The time for head games has come to an end.

Trash talk.  Accusations of spies.  None of that matters come Saturday night when the cage door closes and Jon Jones and Quinton “Rampage” Jackson stand face-to-face inside the Octagon.

The only thing that matters then is what these two elite light heavyweights can do to each other in combat.

The UFC light heavyweight title will be on the line when these two men meet in the headlining bout of UFC 135 at the Pepsi Center in Denver.  The young champion Jones has been a seemingly invincible dominating force on his meteoric rise to the top of the 205-pound mountain.  However, Rampage might have found the phenom’s one weakness: The mental game.

Jackson’s confidence in front of the cameras and his ability to get inside the head of “Bones” has been evident in recent weeks.  Now, he’ll have to see if all of that effort pays dividends inside the Octagon.  Will Jones’ performance suffer?  Rampage is hoping the answer is yes.

The main card of UFC 135, set to air on pay-per-view, also features a showdown in which Josh Koscheck could retire the legendary former welterweight champion Matt Hughes.  Hughes was set to face Diego Sanchez, but Koscheck stepped up when Sanchez withdrew due to injury.  Hughes had experienced a resurgence in his career with three straight wins before suffering a 21-second knockout loss at the hands of B.J. Penn.  Can Koscheck force Hughes into retirement, or does the legend still have some surprises left for us?

Rounding out the main card, heavyweight Travis Browne seeks to remain undefeated when he locks horns with Rob Broughton, lightweight Nate Diaz squares off with a foe who engaged in a classic duel with his brother when he faces Takanori Gomi, and heavyweights Ben Rothwell and Mark Hunt collide.

The MMA Corner panel of Brian McKenna, Duncan Price and Rob Tatum share their opinions on all five main card bouts in this edition of the Round Table.

HW: Ben Rothwell (31-7) vs. Mark Hunt (6-7)

Tatum: To casual observers, they’re going to wonder how this match-up came to fruition. If this were a book, most would believe that Rothwell would have to be favored if they just read the cover. But if they were to read into things deeper, they’d realize that the old adage “don’t judge a book by its cover” certainly applies.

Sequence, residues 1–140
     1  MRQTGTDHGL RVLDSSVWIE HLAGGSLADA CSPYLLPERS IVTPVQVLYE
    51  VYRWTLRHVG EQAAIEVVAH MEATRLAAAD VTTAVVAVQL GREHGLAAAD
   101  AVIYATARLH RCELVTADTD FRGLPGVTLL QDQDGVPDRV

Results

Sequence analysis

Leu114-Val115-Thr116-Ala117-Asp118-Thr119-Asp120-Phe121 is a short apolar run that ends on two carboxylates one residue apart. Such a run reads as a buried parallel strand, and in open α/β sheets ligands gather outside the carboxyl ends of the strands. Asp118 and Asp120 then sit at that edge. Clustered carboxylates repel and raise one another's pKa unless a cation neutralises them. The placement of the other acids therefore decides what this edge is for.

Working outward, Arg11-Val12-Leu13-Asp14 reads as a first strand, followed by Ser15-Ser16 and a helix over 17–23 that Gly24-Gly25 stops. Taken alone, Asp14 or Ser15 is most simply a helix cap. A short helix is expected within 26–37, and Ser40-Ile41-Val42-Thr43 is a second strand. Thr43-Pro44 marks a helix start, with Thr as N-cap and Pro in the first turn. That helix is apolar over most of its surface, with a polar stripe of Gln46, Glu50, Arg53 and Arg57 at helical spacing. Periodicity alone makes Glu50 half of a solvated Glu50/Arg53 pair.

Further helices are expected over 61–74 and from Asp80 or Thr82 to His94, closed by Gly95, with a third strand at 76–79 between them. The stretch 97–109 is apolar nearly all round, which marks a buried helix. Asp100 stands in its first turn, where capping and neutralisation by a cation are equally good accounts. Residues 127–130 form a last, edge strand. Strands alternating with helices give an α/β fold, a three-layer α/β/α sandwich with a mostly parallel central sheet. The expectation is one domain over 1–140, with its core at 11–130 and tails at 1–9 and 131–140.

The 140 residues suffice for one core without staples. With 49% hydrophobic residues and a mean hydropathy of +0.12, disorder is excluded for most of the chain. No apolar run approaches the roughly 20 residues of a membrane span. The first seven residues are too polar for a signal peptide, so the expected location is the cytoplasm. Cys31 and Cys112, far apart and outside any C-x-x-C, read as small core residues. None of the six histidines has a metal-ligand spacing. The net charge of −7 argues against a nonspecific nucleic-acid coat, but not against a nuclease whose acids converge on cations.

Rothwell is returning from a lengthy layoff recovering from ACL surgery. The veteran has only fought four times in the last four years, going 2-2 in those fights. He finished two of those fights by knockout, but was knocked out in the losses. After compiling a record of 9-0 in the now defunct IFL, the heavyweight has battled to stay healthy.

If there was a Mount Rushmore of mixed martial arts, one of the faces should be occupied by Mark Hunt’s chin. The former Pride fighter and K-1 champion is one of the most dangerous strikers to enter the sport. However, it is his ground game that failed him throughout the years. Hunt amazingly dropped six straight fights, with five coming by way of submission. But you cannot ignore the fighters who delivered those losses: former champions Josh Barnett, Fedor Emelianenko, Alistair Overeem and Gegard Mousasi.

I’m not going to lie, there’s a special place in my heart for the “Super Samoan.” Hunt by highlight-reel knockout in the first round.

Price: These two heavyweights are better known for their performances outside of the UFC, and I actually see the loser of this one receiving their marching papers.

Maybe three or four years ago I would have gone for Rothwell, but even when he was injury-free he failed to set the division alight. He has ability in both striking and grappling, but I have slight concerns over his general stamina and fitness, especially after such a long layoff.

Mark Hunt (Daniel Herbertson/Sherdog)

As Rob says, Hunt is very difficult to knock out, but his cardio is equally as bad, if not worse than Rothwell’s. He just has this ability to hit guys on the button, which is very hard to ignore. I am uneasy about his overall chances though, should Rothwell be able to take him down.